While resistance to I-69 has been strong for the past fifteen years, direct action tactics have become more common since 2005. That year resistance to the project increased, with a “Road-less Summer” campaign that focused on a variety of targets including firms funding the project and Indiana Department of Transportation (INDOT), culminating with an admission from INDOT that they lacked the funding for the project. This lack of funding is believed to be a key weakness by many radicals organizing against I-69. With an estimated cost of $4.5 billion dollars but only $700 million to fund the road actually on hand, the state of Indiana has turned to unpopular measures to try to fund the road including privatizing it and making it a toll road. Radicals believe that while INDOT is trying to push the project through in order to minimize resistance, with rising costs–whenever the project is “reevaluated” the cost increases–that the project is vulnerable. Earth First! believes that with early disruptions in the construction process they might be able to stop. Moreover, they believe that stopping I-69 in Indiana might stop it altogether, as many states are waiting to see how Indiana proceeds.
Organizing will continue over the next several months, with that resistance continuing to build as the construction–which is scheduled to begin in 2008–nears. In September a nationwide meeting was held in Indiana to discuss plans against I-69 and a call has been issued for activists to come to Indiana in the spring of 2008 to participate in a multi-faceted campaign aimed at stopping the road by direct action using a range of tactics. I-69 opponents have even produced a video calling for people to come to Indiana:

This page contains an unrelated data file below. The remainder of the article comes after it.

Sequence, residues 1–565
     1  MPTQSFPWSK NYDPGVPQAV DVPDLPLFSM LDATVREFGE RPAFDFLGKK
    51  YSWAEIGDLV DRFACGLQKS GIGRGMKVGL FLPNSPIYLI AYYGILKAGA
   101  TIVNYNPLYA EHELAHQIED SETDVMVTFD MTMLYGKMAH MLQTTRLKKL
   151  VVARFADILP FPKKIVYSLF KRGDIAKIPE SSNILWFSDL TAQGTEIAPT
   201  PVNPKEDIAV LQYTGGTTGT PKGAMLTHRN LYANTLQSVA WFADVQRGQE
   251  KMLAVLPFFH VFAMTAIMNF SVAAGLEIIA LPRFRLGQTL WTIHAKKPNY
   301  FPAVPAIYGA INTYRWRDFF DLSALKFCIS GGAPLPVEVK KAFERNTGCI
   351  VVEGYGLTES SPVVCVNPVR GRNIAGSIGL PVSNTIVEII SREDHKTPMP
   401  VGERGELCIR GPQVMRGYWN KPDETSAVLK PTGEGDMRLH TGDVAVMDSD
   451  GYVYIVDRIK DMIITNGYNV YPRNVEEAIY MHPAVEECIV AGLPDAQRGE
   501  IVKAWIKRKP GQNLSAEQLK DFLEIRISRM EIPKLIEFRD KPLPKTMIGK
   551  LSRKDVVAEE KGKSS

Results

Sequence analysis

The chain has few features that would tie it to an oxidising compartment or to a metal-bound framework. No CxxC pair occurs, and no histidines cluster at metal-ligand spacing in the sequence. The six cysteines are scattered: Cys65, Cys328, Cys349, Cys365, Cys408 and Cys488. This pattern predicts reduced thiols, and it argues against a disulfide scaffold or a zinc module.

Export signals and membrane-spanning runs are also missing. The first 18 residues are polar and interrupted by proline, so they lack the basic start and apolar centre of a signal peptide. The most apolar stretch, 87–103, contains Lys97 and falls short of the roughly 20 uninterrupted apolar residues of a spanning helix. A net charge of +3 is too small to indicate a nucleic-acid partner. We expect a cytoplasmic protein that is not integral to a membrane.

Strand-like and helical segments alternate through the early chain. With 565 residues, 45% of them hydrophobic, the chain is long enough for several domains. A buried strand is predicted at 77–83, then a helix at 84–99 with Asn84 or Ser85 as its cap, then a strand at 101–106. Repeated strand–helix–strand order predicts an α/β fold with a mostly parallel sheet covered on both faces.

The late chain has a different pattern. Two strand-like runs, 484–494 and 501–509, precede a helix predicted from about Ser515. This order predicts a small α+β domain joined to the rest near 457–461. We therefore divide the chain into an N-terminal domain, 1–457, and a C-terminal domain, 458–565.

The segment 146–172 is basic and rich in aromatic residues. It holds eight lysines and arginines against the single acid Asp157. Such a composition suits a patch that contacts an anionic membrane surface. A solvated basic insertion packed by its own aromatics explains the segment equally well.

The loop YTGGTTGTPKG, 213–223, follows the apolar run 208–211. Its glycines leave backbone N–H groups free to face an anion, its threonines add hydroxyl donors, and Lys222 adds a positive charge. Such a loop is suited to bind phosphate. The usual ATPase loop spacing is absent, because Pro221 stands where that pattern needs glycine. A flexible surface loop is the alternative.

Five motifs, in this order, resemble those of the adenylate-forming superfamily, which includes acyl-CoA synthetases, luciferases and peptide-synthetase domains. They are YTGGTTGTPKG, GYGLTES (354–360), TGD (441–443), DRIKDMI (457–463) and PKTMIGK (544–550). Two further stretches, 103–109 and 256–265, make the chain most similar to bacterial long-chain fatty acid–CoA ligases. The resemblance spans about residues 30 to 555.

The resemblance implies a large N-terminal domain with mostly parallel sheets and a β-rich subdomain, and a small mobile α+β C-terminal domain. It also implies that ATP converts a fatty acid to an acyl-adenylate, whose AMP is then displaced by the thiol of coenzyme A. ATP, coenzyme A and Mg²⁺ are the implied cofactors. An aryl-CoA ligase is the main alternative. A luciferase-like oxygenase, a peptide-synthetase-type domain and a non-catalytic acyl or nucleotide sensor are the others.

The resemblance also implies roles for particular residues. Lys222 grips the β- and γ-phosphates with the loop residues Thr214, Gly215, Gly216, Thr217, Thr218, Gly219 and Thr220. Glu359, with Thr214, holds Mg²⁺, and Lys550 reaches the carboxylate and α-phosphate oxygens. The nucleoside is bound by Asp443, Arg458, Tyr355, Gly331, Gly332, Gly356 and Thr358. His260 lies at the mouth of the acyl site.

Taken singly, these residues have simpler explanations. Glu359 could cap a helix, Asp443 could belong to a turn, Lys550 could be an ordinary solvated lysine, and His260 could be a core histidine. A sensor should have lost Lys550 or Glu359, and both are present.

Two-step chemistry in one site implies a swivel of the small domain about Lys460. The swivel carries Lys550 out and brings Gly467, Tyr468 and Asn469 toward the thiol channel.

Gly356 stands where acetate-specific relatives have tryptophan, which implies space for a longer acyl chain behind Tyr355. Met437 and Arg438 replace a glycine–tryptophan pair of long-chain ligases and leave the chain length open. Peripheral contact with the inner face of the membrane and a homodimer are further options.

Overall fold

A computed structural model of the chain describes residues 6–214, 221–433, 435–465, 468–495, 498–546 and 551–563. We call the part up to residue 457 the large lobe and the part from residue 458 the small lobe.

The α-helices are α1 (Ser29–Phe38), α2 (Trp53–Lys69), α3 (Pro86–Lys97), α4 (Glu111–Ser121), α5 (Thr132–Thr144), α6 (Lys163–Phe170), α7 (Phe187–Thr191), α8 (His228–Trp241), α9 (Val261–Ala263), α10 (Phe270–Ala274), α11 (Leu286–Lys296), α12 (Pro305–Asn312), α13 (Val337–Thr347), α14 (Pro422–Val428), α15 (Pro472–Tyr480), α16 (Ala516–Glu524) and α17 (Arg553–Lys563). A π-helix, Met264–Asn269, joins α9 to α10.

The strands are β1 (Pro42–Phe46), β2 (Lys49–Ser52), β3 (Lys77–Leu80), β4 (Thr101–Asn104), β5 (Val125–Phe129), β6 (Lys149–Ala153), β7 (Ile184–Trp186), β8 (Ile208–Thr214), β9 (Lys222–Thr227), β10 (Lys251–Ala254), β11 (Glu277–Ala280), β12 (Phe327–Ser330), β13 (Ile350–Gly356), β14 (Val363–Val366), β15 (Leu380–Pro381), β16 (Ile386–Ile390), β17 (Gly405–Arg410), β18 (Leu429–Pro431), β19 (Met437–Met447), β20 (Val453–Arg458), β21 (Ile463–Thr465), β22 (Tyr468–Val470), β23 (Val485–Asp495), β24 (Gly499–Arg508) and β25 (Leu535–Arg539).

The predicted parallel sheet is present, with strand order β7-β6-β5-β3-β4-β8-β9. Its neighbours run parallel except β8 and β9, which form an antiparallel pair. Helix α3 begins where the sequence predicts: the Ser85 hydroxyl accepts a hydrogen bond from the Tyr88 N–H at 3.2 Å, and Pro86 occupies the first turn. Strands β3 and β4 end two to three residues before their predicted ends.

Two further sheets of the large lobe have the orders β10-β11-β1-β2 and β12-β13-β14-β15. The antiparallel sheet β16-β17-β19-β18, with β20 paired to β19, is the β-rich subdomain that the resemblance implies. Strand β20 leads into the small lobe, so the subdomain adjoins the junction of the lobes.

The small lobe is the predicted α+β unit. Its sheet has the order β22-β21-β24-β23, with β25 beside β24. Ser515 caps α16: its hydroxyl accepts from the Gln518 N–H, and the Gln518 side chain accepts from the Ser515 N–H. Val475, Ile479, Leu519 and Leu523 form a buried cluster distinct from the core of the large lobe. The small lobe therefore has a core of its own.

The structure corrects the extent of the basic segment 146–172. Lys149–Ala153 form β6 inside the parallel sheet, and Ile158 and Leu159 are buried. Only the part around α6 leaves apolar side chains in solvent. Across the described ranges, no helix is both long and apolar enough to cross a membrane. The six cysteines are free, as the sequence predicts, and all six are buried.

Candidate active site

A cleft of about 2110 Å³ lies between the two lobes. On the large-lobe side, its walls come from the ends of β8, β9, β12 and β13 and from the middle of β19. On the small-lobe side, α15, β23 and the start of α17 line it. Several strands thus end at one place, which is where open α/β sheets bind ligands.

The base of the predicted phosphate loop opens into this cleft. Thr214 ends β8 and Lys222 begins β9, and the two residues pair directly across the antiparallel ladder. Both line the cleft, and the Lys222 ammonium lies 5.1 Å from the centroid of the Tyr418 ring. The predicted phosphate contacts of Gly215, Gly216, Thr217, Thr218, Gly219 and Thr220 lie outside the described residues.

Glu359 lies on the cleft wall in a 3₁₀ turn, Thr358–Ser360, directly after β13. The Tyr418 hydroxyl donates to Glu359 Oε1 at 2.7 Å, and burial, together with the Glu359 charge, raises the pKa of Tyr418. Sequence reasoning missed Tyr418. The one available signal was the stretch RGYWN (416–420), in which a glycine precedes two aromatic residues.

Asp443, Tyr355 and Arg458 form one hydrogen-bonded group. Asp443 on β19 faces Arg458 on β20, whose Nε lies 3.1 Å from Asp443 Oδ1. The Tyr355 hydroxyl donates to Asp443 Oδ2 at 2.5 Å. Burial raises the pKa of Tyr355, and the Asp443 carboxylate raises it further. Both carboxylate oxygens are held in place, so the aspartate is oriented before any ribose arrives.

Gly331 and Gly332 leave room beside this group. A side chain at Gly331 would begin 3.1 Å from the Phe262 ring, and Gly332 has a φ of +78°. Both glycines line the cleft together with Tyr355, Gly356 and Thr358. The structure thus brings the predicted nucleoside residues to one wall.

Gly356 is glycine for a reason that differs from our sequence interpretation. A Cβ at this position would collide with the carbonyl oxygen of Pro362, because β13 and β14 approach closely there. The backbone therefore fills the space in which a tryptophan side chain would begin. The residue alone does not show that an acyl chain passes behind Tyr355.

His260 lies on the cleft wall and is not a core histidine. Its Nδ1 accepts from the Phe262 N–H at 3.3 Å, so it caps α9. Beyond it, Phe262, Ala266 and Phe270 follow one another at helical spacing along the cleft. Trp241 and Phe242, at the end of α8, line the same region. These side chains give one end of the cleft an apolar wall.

Earth First! also places the construction of I-69 in Indiana into a larger context of road development and global infrastructure in the Americas. They argue that I-69 is part of an infrastructure project that is designed to facilitate the transportation of goods under free trade agreements and globalization. While in rightwing circles this has led to conspiracy theories about the “North American Union” creating a one-government state consisting of Canada, the United States, and Mexico, the proposed I-69 route does fit into a larger system of development and globalization. At the US-Mexico border I-69 is designed to connect to a network of highways, railroads, and other infrastructure projects being built as part of Plan Puebla Panama (PPP). Activists have argued that in addition to being part of an overall infrastructure that prioritizes the movement of capital and goods that when farmers are removed from their land in Indiana it will make way for factory farmers and a corporate form of agriculture. This argument echoes those made in Mexico, where indigenous opponents to the PPP have said that the project threatens their way of life.
By connecting I-69 to this context, radicals with Earth First! and others hope that stopping I-69 will become a priority in the environmental and anti-globalization movement, as well as serving as a catalyst project that will bring people together across the Midwest, raise important issues about the realities of modern capitalism, and give the movement a much needed victory. Moreover, rooting resistance to I-69 in a larger North American context allows the U.S. movement to learn from tactics and strategies employed elsewhere as well as engage in acts of solidarity that promote cross-border resistance.